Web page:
My painting, well, I’m happy and not happy with it. First of all, this is about as close to my true art style as you will see without me posting sketches. I’m not that great an artist, figure drawing or painting-wise. But these little eco-characters were in my sketchbook, and I thought I could use them effectively for this theme. My husband likes the “happy little dirt” in the lower left.
Oh my gosh, how can I describe loving Little Twin Stars as a child? Who am I kidding? I love them even now! Kiki and Lala (respectively) are part of who I am when it comes to artwork. I copied Lala’s pink hairstyle onto countless characters of my own as a kid, winning me some coveted ribbons in the 4th grade Art Fair. I still collect what I can from Sanrio that bear Little Twin Stars. In the theme of “shrines”, as a child I lined up all of my LTS merchandise on a special shelf in my room, and still have all of that stuff to this day.
I have these “diaper pins” from ages ago, and they say copyright 1978 on the back, but I know they are not that old. Since April was the “recycling” theme, and because I didn’t have much time to put this one together, I used a piece of stationery I have and adhered it to the fabric using gel medium that I added some iridescent medium to. The result was quite flexible and still sewable.
These monthly “shrine” quilts are so much fun to think of. “Gee, what do I really really love? What have I loved for as long as I can remember?” This has been a neat project to do.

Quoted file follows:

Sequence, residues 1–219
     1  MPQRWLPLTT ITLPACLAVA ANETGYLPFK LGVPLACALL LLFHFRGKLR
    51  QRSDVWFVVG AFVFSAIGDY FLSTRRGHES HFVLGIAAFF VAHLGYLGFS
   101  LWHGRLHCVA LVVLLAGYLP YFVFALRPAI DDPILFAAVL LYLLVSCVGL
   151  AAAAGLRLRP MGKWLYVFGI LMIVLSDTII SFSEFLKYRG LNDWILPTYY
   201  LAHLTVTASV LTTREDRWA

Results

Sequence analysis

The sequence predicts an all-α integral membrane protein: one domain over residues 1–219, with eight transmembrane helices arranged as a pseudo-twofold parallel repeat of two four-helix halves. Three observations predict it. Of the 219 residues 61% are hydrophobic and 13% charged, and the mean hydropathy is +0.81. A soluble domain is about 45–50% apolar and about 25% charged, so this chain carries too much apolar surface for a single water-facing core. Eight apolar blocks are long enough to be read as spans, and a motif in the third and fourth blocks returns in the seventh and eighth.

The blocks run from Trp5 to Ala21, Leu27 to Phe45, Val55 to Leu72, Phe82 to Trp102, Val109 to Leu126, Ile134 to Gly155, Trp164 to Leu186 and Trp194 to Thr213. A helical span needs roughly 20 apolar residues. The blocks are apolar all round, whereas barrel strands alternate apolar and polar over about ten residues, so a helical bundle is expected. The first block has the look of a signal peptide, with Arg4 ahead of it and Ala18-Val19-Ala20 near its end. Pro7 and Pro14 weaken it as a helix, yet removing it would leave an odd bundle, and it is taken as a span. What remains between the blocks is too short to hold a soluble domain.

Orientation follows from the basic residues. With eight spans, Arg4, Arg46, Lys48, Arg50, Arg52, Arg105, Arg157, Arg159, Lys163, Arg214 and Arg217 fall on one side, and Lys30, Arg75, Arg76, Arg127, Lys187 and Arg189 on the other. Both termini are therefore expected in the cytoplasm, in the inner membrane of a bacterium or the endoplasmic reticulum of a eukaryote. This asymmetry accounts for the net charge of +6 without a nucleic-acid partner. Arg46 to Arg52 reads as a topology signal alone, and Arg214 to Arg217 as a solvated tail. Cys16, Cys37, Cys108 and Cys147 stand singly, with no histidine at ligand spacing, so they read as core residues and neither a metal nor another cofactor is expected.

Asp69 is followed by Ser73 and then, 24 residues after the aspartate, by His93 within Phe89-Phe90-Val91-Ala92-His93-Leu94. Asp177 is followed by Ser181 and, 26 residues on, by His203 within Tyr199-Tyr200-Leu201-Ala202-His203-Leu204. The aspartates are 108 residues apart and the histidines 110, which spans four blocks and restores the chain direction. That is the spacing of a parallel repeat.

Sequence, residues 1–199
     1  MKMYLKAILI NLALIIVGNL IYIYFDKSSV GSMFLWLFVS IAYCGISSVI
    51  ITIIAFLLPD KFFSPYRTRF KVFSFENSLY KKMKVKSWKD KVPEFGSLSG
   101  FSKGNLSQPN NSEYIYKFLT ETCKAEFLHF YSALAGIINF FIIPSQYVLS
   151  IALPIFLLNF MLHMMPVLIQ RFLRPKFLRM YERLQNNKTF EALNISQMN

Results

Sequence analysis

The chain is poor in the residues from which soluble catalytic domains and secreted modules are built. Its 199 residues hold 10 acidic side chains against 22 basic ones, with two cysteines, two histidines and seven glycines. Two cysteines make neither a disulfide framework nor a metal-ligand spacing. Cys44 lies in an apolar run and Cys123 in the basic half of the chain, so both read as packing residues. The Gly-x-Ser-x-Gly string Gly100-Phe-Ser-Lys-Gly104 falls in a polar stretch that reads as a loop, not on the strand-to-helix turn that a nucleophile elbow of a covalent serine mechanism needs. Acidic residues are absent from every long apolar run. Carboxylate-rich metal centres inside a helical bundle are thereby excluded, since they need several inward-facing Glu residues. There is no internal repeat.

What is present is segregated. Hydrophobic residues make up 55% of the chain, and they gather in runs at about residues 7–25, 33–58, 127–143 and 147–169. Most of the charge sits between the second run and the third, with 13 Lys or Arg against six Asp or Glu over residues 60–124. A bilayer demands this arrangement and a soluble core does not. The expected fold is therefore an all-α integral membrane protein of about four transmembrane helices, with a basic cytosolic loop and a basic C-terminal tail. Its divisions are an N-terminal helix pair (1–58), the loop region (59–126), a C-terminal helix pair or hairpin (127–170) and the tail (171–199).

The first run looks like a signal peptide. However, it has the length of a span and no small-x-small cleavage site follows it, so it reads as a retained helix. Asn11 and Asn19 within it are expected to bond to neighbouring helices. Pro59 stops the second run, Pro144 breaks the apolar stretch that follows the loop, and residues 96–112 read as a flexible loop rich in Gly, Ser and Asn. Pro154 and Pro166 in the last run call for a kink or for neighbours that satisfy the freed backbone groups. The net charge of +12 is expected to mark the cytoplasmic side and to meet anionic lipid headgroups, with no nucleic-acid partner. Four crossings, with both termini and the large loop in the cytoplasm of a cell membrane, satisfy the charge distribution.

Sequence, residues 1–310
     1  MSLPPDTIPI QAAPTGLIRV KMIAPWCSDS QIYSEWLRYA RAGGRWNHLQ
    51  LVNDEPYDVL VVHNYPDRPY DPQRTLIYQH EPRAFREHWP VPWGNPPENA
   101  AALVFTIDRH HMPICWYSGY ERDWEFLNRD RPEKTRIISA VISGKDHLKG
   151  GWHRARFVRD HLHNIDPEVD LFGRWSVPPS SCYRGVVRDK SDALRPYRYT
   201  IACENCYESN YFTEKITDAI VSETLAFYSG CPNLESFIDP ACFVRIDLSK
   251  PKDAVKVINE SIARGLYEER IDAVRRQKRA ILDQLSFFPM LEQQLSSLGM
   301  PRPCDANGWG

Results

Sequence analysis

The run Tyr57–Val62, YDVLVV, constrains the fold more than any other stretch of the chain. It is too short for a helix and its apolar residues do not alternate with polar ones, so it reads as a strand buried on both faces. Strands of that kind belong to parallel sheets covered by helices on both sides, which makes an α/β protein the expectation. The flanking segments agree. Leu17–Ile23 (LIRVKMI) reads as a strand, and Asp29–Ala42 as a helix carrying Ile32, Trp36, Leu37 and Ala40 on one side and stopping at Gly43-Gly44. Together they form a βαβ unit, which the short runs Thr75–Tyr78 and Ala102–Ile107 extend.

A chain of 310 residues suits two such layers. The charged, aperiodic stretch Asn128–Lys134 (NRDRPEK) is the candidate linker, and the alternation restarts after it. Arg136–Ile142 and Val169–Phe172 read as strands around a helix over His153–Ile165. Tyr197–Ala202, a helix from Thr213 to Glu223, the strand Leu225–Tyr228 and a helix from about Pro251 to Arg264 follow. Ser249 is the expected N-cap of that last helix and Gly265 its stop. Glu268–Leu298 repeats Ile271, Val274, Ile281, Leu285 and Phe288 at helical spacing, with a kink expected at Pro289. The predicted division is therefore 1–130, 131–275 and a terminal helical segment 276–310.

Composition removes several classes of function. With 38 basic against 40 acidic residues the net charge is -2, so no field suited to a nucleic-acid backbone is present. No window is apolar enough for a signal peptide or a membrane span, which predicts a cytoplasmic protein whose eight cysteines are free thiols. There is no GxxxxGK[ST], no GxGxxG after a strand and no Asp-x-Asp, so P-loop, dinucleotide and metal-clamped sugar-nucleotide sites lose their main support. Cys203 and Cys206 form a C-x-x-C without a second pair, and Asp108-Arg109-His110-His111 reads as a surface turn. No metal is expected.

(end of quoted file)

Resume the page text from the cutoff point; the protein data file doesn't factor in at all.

My weekly quilt this week is firmly on the theme of “recycled” for April. As I described on my earlier post about the show, and the “Surviving the Runway” luncheon, I took some of the scraps on the table to use in this week’s quilt. I think this makes a perfect memento of the event, and our win for our table team.
Used here are tissue paper, a bingo card, a paper doily, gesso, pink paint to take down the bingo card color, ink from a stamp pad in the prize pack I won, and Wright’s hem tape used on our model, that was origianlly grey but I dyed with pomegranate juice. Too bad this is not 5×5 inches (my weekly quilts are 6×6) or I would enter it into Quilting Art’s current reader challenge!
I have been travelling for work, so I apologize for being away from my blog. I was in Orlando at MegaCon, a really neat comic book convention, in which I met a bunch of cool creators and artists, and tried to sell the heck out of the program my company wrote.
This is the paper quilt entry I submitted to Quilting Arts/Cloth Paper Scissors for their “true colors” challenge. It was not accepted for either the magazine or the show in Chicago. I was a bit disappointed, because I used a paper technique I learned from Patricia “Pokey” Bolton herself at last year’s show, but in the end, I know what is wrong with the piece. It will go proudly on my wall and be entered into other shows. More pomegranates.
Next up, this month’s theme. After checking my schedule for this show in Orlando, I knew I would not have much time at all for myself. So I picked the easiest of themes, with the help of those who voted on my poll. I chose “words”, but not just any words… hip hop words.
If you need help defining these lovely words, I would suggest http://www.urbandictionary.com/. However, this site is not child or work friendly, so be warned! (NSFW) My sister works with 6th graders, who have added to her vocabulary, and now mine. I am surprised that 6th graders know what “crunk” is, but I’m apparently out of touch with the younger set.
As for how they were done… I used a technique I learned from Ann Lullie called “The Escape Hatch”, where after stitching all around turn right side out using a cut hole in the backing which you then fuse closed. This made great finished edge pieces for me to quilt using hand stitching. The “bling” quilt is done using what I call “rice” embroidery, and “crunk” is done using good old French knots. The words themselves were designed with Microsoft Publisher’s word art tool, and fussy cut and fused.